Be sure to use a flea and tick control medication or a flea and tick collar also. 

An item we picked up at Wal-Mart that works GREAT for us.

APPROX $3.25

Click for enlarged image

The simple, gentle action of the patented design insures the complete removal of Ticks for both people and animals.

* The spring loaded claw securely holds the Tick and a gentle turning action will easily and safely remove it.
* Ends messy dangerous tick removal

Deer ticks are the pinhead-sized transmitters of Lyme disease, in all states except Alaska and Hawaii. This disease causes fever, flu-like symptoms, a target-shaped rash where it bit, and soreness and swelling, particularly in the joints.

Lone Star ticks transmit Rocky Mountain spotted fever and is found in all parts of the US. This disease causes headache, fever, severe muscle ache and a rash on the palms of the hands and soles of the feet that spreads to other parts of the body.

For more information on Lyme disease
visit the American Lyme Disease Foundation Website.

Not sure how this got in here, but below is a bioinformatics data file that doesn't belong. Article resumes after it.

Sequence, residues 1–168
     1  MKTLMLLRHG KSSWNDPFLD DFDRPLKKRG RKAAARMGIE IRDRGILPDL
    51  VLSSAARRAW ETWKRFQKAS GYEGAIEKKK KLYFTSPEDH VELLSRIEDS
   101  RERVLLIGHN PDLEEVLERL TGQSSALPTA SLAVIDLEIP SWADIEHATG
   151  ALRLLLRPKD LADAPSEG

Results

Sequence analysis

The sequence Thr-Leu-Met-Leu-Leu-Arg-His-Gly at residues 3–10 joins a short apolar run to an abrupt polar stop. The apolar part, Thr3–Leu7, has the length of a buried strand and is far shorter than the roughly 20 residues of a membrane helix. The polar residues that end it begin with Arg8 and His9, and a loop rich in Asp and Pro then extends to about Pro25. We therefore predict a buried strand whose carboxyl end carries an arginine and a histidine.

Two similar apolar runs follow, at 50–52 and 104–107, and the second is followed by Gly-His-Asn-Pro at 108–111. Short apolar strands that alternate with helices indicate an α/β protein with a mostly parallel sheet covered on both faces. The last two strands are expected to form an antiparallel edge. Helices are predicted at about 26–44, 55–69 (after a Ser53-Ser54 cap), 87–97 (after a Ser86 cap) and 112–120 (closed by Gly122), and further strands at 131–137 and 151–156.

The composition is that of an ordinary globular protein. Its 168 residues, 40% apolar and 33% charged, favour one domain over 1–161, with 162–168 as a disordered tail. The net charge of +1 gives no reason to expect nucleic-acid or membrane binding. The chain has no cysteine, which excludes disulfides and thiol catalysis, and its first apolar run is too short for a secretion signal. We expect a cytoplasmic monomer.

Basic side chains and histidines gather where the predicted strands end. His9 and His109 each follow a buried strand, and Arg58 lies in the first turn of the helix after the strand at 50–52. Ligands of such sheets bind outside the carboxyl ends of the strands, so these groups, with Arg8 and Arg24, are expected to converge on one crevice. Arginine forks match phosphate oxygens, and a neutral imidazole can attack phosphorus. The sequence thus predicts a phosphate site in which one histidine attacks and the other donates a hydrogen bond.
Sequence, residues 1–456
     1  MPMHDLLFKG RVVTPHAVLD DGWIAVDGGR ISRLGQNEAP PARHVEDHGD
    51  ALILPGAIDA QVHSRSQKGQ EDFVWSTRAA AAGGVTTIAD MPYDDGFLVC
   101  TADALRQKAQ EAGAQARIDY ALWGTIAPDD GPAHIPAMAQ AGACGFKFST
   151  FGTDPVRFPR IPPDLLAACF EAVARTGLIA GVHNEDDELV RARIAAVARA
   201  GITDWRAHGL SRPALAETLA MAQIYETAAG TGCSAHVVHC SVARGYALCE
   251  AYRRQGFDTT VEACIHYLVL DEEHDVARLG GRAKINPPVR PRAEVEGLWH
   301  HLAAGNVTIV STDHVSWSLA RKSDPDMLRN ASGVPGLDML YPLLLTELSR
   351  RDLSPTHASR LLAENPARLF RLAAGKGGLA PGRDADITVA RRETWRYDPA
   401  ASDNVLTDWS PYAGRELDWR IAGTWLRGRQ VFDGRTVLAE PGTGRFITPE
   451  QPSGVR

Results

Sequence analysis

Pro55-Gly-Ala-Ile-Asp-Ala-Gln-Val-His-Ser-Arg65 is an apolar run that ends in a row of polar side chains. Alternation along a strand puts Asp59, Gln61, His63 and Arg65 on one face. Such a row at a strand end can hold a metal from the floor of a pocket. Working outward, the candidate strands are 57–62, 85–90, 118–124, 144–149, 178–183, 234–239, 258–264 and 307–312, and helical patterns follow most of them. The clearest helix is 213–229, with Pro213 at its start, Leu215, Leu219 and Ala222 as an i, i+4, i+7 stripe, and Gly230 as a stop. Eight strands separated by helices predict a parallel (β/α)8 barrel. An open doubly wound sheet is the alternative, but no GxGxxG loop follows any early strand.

And last, but certainly not least, 
before you set up that tent, 
be sure to check the ground where you're going to put it. 

Ants nest in the ground, and if you put your tent on top of their hill, they're going to come on in and join you in yours until you move it so they can get to theirs.

Fire Ants

Fire ants fall into a class all by themselves, and across an increasingly wide area of the warmer parts of the country they have become a fact of life.
Never pitch a tent or set up camp where their mounds are visible, and in areas where they are really prevalent, exercise great caution.
Small children, in particular, can get into an ant mound and be bitten many times in seconds.